4. Life after Brady may not be as dire for Randy Moss as it first seemed. Sunday against the Rams, Moss topped 100 yards for the third time this season. With St. Louis overplaying him deep, Moss was able to turn some short crossing routes into big gainers. In the past four games, Moss is averaging 77 receiving yards and has scored three touchdowns – which would be considered good for any receiver not coming off a 1,500-yard, 23-TD season. Before you think about selling Moss off as he's getting hot again, be sure to consider his holiday-season schedule. In Week 12 he faces a Miami team allowing the second-most fantasy points to WRs. Week 13 is no good – Pittsburgh. But then he gets Seattle in Week 14 – third-most to WRs. In Week 15 it's Oakland, a team that has been pretty solid against receivers. But if you don't think Moss will do everything in his power to stick it to his former team, you're kidding yourself. Then in Week 16, he meets an Arizona team allowing the fifth-most fantasy production to the receiver position. Other than that Pittsburgh game, you have to love the way his stretch run is lined up.

5. Kurt Warner currently clocks in at No. 30 on my Big Board, but I'm gonna have a hard time putting a quarterback, save Drew Brees, ahead of him when I update the list this week. Warner's 381-yard, two touchdown effort at Carolina in Week 8 looks even more impressive when you consider that no quarterback had previously topped 231 yards against the Panthers this season – Brees reached the 231-yard mark the previous week. In his past 15 games, Warner has thrown 35 TD passes and amassed 4,451 yards through the air. Admittedly, he's probably the best signal-caller that fantasy has to offer at the moment, but the age/injury history thing makes that a hard statement to commit to.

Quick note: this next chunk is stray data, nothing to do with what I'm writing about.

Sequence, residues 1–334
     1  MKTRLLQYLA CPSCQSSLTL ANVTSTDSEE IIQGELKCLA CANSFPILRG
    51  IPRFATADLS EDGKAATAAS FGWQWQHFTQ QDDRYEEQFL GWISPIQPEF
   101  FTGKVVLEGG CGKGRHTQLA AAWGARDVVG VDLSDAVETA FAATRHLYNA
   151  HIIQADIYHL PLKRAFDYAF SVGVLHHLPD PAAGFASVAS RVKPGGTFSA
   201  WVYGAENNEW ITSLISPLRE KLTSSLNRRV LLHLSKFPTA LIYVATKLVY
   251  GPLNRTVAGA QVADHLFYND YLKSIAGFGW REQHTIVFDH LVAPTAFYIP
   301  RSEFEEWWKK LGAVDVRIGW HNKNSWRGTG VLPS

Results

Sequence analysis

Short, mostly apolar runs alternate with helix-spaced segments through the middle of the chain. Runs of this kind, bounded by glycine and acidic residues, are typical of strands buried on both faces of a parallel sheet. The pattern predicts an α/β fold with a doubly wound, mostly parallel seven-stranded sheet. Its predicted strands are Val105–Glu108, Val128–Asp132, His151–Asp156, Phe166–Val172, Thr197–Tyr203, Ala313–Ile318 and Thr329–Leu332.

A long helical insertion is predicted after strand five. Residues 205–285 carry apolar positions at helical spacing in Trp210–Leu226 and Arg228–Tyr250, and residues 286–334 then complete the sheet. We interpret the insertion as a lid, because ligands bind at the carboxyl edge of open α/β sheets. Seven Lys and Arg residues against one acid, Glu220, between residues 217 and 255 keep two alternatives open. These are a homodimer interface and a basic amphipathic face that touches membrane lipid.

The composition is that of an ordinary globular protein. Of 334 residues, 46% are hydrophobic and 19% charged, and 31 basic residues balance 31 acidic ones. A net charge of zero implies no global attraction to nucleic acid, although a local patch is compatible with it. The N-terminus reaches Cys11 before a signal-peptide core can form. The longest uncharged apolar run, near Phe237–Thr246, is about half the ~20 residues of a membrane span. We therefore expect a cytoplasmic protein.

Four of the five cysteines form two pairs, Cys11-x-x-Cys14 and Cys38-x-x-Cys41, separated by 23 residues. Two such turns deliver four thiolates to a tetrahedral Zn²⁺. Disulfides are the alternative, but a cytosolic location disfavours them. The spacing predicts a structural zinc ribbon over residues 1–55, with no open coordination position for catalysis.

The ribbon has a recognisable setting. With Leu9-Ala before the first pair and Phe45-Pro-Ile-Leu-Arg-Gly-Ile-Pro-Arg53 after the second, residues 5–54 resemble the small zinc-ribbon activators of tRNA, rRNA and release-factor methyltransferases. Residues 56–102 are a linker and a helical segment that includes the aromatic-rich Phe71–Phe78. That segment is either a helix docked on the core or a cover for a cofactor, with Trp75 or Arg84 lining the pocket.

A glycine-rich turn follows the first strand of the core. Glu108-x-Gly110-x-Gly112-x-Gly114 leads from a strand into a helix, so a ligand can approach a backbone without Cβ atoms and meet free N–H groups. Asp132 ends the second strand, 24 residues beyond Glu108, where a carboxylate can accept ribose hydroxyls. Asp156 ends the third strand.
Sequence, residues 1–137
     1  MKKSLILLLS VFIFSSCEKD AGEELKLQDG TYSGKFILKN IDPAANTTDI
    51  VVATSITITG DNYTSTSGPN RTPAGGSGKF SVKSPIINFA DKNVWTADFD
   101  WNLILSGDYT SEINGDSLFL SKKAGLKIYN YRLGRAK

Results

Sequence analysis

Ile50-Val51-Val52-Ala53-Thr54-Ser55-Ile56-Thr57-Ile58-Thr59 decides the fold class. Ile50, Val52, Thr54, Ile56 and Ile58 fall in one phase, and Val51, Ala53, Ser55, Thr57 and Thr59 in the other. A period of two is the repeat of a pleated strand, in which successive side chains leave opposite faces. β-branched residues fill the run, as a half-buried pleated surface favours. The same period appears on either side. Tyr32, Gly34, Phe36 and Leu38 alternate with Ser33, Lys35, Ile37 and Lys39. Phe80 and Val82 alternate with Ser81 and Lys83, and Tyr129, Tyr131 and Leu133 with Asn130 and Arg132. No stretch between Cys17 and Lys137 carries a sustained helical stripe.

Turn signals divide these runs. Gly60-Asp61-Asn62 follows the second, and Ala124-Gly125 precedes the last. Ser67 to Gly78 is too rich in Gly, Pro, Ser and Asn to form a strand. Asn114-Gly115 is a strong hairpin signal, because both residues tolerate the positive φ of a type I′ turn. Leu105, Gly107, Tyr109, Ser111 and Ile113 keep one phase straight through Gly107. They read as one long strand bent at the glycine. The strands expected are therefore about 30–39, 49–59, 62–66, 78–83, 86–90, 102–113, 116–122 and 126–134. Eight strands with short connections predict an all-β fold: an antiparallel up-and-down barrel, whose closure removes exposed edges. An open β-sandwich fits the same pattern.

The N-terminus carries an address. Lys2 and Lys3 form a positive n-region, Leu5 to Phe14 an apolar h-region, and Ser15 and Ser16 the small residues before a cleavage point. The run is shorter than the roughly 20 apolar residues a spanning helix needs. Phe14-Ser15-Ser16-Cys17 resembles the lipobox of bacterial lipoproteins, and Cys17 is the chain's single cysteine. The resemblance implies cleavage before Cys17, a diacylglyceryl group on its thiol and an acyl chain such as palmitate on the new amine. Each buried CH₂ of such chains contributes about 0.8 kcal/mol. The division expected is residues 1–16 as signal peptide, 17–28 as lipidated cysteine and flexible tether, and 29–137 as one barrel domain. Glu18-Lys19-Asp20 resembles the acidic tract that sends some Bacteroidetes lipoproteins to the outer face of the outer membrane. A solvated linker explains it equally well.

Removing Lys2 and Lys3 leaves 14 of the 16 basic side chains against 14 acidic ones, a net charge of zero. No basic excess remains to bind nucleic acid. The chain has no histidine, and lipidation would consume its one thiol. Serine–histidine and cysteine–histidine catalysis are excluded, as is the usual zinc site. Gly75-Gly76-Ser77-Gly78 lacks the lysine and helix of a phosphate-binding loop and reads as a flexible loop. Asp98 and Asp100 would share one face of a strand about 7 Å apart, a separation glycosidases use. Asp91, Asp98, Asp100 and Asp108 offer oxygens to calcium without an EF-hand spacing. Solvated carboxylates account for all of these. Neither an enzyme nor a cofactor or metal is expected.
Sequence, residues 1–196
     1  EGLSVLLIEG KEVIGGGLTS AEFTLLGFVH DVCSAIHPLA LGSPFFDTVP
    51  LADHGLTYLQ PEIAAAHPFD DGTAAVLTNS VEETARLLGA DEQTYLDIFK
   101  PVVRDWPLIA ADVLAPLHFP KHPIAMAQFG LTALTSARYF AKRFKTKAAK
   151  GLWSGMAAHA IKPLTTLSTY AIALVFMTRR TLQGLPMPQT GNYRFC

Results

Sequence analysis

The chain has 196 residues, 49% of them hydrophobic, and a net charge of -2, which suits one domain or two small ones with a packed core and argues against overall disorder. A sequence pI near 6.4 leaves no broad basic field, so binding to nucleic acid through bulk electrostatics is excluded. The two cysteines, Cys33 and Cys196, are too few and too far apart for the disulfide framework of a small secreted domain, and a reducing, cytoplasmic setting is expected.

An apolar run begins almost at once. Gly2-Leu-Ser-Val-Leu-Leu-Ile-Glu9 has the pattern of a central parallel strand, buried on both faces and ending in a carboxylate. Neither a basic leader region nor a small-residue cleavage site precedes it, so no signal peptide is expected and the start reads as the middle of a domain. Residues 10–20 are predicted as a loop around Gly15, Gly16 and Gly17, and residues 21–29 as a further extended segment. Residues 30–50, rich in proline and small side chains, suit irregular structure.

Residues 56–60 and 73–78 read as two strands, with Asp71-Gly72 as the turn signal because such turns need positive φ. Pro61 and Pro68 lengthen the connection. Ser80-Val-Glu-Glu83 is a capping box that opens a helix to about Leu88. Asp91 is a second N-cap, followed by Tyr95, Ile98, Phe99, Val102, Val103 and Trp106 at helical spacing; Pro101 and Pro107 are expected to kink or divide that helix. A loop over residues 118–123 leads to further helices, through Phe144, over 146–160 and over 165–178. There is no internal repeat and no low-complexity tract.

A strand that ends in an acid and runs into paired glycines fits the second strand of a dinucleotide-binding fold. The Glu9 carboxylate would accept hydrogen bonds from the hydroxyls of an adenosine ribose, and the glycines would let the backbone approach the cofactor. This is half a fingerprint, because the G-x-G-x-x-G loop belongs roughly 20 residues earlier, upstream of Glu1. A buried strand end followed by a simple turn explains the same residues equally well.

6. Two "name" receivers, Joey Galloway and Kevin Curtis, returned in Week 8 after lengthy injury layoffs. And although neither made much of an impact – Galloway picked up three catches for 38 yards against Dallas and Curtis went for 45 yards on three catches against Atlanta – they both definitely need to be owned in most all leagues. Neither faces a particularly tough schedule the rest of the way, and both are go-to types for two of the most pass-happy teams in the league – Tampa Bay (38.1) leads the league in pass attempts per game, while Philly clocks in at sixth in that department (36.3). Galloway is currently available in 53 percent of Yahoo! Plus leagues, while Curtis is available in close to 20 percent of those leagues.

7. I had little faith that a deep-ball specialist like Lee Evans would be able to overcome the long-pass shortcomings of QB Trent Edwards. Last season, Evans was much better with a strong-armed J.P. Losman behind center than when Edwards was in there. But Evans has been better than ever in '08, showing a consistency at the position rivaled by very few. On Sunday, Evans topped the 100-yard mark for the third time this season. He has yet to deliver less than 65 yards in any game this season, and he has a reception of 33-plus yards in six of his seven games. It's not that I was an Evans hater, I just didn't hold out much hope for his situation. But it's clear that worry was much ado about nothing.